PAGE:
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Sunday, 27 May 18 - Tux Machines is a community-driven public service/news site which has been around for over a decade and primarily focuses on GNU/LinuxSubscribe now Syndicate content

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A cat-proof Linux-friendly netbook…?

Filed under
Hardware

openattitude.com: This here is the Samsung NB30, a semi-ruggedized netbook with one of those new Pine Trail Atom processors. I bought one over the weekend as a cat-proof alternative to my aging Eee PC. I like it so far, but there’s one big problem —

Linux is coming to an Auto Dealership near you

Filed under
Linux

linusearch.com: MontaVista Linux and Robert Bosch Car Multimedia have signed an agreement that will enable Bosch Multimedia to use MontaVista software as their Linux based solution to the high cost of running proprietary software on their infotainment systems.

Browser Speed Tests: Safari 5, Firefox 3.6, Chrome 6, and Opera 10.6 Beta

Filed under
Software

lifehacker.com: Apple's stepped up with Safari 5, Firefox has brought forth a more crash-proof 3.6, and Opera's continuing to push forward in betas. Let's break out the timer and testing software to see how the latest browsers run on real hardware.

OpenShot Linux video editor to add 3D animated titles

Filed under
Software

h-online.com: The OpenShot developers have announced that they are developing a new feature that would give users the ability to create 3D animated titles in the next version of their open source video editor for Linux.

Introducing Fedora Project Leader

Filed under
Linux
  • Red Hat’s Partner Progress: A Reality Check
  • Introducing Fedora Project Leader Jared Smith

FFmpeg gets its own implementation of Google's VP8 codec

Filed under
Software

arstechnica.com: Developers Ronald Bultje, David Conrad, and Jason Garret-Glaser are creating a native VP8 video codec implementation for the open source FFmpeg project. The aim of this effort is to bring first-class VP8 support to FFmpeg and demonstrate the feasibility of producing an independent VP8 implementation.

8 More Linux Distributions for Web Server

Filed under
Linux

junauza.com: 8 More Linux Distributions for Web Server: I've already shared with you a list of some of the best and most well-known Linux distributions used on web servers. However, there are still plenty of excellent server-oriented Linux distros that I failed to mention there.

EFF delivers HTTPS Not Quite Everywhere

Filed under
Software

linuxjournal.com: The name “HTTPS Everywhere” is a bit misleading. Besides Google Search, Wikipedia, Twitter and Identi.ca, and Facebook this extension also works on the EFF and Tor sites, Ixquick, DuckDuckGo, Scroogle, other small search engines, the New York Times, The Washington Post, Paypal, and many other sites that offer HTTPS encryption. But that's hardly everywhere.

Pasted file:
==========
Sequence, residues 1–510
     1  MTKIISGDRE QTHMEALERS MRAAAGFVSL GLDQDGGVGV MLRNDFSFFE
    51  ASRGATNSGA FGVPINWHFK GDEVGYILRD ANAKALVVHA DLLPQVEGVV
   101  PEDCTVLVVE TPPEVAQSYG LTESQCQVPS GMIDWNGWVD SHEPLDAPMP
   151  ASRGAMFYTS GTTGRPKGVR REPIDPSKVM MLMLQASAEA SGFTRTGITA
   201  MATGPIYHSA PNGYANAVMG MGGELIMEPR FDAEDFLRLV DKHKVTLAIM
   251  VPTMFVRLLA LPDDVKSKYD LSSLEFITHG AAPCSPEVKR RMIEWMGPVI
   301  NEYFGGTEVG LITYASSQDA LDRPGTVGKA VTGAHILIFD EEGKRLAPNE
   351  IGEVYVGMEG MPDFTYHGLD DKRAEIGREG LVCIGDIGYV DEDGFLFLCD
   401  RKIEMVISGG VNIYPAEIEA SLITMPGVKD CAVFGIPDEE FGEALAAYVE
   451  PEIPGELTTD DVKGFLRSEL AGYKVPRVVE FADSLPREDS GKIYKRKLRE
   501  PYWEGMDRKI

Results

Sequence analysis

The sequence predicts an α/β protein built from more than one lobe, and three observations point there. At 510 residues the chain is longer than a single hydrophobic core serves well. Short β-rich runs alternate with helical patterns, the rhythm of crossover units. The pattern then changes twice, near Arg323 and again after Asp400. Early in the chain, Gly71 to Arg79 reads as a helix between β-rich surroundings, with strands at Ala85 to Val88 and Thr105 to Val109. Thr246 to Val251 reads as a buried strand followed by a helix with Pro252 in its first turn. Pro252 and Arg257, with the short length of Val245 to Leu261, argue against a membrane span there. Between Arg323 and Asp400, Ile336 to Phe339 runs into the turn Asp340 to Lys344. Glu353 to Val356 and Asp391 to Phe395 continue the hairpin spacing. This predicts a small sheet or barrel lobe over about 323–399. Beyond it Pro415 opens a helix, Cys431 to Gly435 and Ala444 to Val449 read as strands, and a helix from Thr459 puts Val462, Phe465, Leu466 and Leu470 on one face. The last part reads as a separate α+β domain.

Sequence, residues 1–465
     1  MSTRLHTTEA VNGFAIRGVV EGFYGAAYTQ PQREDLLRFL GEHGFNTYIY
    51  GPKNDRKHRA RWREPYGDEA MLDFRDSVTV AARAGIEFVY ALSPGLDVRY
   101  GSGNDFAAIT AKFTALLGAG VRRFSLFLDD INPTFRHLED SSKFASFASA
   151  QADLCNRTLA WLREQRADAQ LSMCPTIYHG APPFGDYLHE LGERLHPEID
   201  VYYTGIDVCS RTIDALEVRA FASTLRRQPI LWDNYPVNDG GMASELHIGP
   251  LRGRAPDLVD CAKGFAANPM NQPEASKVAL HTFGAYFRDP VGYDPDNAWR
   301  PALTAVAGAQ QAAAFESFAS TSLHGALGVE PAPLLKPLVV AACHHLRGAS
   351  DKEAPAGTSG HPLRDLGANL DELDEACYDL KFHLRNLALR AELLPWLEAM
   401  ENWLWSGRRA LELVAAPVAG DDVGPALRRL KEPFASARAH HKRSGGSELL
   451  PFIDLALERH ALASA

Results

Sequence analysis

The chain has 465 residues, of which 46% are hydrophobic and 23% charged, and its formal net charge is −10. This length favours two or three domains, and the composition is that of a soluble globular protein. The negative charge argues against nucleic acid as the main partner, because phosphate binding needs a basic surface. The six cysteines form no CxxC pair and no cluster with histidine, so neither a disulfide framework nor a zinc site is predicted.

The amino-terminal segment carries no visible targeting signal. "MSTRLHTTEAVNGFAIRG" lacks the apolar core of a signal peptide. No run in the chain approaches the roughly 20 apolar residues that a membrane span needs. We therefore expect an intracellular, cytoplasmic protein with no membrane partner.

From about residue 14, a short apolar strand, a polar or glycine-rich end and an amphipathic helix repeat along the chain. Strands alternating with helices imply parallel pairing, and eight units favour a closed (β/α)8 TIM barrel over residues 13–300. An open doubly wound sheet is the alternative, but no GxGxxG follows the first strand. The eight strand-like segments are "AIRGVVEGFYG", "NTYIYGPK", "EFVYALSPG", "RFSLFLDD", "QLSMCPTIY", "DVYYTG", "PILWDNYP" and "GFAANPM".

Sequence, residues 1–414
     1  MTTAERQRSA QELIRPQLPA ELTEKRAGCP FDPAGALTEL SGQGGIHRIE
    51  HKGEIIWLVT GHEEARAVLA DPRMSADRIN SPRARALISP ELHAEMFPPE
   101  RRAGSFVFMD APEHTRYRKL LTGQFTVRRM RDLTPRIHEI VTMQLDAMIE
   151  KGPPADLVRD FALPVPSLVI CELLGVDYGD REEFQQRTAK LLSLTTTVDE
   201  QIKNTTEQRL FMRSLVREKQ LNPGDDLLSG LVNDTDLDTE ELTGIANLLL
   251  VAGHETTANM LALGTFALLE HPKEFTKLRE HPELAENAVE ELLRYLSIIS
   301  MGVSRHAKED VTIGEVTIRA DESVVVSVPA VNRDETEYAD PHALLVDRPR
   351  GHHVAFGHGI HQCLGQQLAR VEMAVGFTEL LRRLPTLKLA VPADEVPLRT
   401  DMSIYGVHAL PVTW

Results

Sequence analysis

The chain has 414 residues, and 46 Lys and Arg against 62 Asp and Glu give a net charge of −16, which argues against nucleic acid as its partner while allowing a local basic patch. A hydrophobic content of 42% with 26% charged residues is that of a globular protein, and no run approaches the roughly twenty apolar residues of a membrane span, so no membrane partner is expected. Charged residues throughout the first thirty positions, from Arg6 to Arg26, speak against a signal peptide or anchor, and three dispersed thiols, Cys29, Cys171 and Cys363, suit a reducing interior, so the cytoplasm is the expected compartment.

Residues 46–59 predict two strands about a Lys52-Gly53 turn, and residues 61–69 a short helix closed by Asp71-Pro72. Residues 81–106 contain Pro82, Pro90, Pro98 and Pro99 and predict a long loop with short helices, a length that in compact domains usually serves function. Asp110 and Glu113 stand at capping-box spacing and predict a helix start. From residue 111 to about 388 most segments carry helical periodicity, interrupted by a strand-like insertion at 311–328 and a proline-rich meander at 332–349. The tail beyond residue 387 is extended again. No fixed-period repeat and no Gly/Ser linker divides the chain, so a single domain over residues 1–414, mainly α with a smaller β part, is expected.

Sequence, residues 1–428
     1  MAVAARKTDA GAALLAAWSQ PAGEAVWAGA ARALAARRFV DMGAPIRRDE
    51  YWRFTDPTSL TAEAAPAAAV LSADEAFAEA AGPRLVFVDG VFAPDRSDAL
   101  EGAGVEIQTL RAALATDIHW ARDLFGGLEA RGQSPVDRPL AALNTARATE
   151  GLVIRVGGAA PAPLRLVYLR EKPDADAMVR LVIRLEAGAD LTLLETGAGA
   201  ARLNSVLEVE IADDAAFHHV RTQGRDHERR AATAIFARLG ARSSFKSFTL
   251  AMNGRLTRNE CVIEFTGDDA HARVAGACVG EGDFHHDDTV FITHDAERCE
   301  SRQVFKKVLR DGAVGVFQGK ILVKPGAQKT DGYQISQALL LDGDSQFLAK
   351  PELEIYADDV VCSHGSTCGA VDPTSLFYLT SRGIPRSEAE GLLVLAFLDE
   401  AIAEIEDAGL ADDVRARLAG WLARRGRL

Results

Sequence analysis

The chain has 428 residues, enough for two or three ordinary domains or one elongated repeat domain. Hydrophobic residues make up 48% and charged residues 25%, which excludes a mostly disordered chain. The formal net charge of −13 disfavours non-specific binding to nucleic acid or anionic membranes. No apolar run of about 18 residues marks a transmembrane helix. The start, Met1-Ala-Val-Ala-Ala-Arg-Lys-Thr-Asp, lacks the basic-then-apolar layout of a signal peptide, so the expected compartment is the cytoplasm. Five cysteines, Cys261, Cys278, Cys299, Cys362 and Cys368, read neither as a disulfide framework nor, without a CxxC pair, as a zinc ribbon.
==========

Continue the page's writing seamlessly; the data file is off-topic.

Knowledge: A Different Approach to a Database on the Desktop

Filed under
KDE

kdenews.org: Desktop applications for 'Information Management' that go beyond conventional card-index style databases are hard to find. The ideas behind such software are perhaps not that well known, so a prototype program, Knowledge, has been developed to put them firmly into the public domain.

Mistakes A Noob Makes In Vim

Filed under
Software
  • Mistakes A Noob Makes In Vim
  • Grep command in Linux explained
  • Top 4 File Difference Tools

Programming with Scratch

Filed under
Software
  • Programming with Scratch
  • full-featured Komodo IDE to boost productivity
  • Modern Perl: The Book: The Draft

Trinity KDE: KDE 3 Zombified or Resurrected?

Filed under
KDE

earthweb.com: Several weeks ago, I ended a comparison of the KDE 4 and 3 desktops by saying "Unless a project takes over KDE 3 development, sooner or later it may become unusable with the latest generation of computers."

What To Expect From Windows 8

Filed under
Microsoft

katonda.com: Microsoft is reportedly working on the next version of Windows -- dubbed as Windows 8. Will that mean more hardware woes and vendor locked features. No one knows if your current machine will run on Windows 8 or not.

KDE Accessibility tools

Filed under
KDE

ghacks.net: For those with disabilities, using a computer can be a serious challenge. Whether it’s a vision impairment or physical challenge making the most of the PC seems nearly impossible. That is why, on every platform, you will find accessibility tools.

What Is Open Source Software?

Filed under
OSS
  • Back to Basics: What Is Open Source Software?
  • Observation on hiring from open source

today's leftovers:

Filed under
News
  • GNOME Developer Training in danger
  • Linux Mint 9 KDE RC released
  • Opera 10.60 RC1
  • Nice collection of themes for Ubuntu | Gnome
  • Decibel Audio Player
  • Red Hat Still Doesn't Need Desktop Linux
  • Growing pains afflict HTML5 standardization
  • How to Sync Your iPhone Contacts to Ubuntu One
  • Ubuntu Circuit Breaker
  • Qt’s Volker Hilsheimer…
  • First Fedora Design Bounty Ninja identified
  • Spanish KDE Blogger Baltasar Ortega Talks
  • Droid X Arrives, and Froyo Goes Open Source
  • Rip CD's to MP3 in Debian
  • Integral Innovation
  • The Linux Action Show! s12e07

some howtos:

Filed under
HowTos
  • Setting the ASUS Xonar U1 USB sound card in Gentoo
  • sshfs in gentoo (sshfs-fuse)
  • Listing files from Gentoo packages
  • Keeping You in the Loop – Bash For, While, Until
  • use Dropbox Online Backup Software in Ubuntu
  • NTP: Timing is Everything
  • Use Ctrl+Alt+Del for Task Manager to Kill Tasks Easily
  • Fixing the not quite transparent panel issue
  • How to run Linux in a virtual machine

Benchmarks Of The Latest Nouveau Gallium3D Driver

Filed under
Software

phoronix.com: In February we published some Nouveau Gallium3D benchmarks, but now we have a fresh set of numbers from three different NVIDIA graphics cards and we also compare the Nouveau Gallium3D driver to NVIDIA's proprietary Linux driver.

First MeeGo Linux needs love and scrub up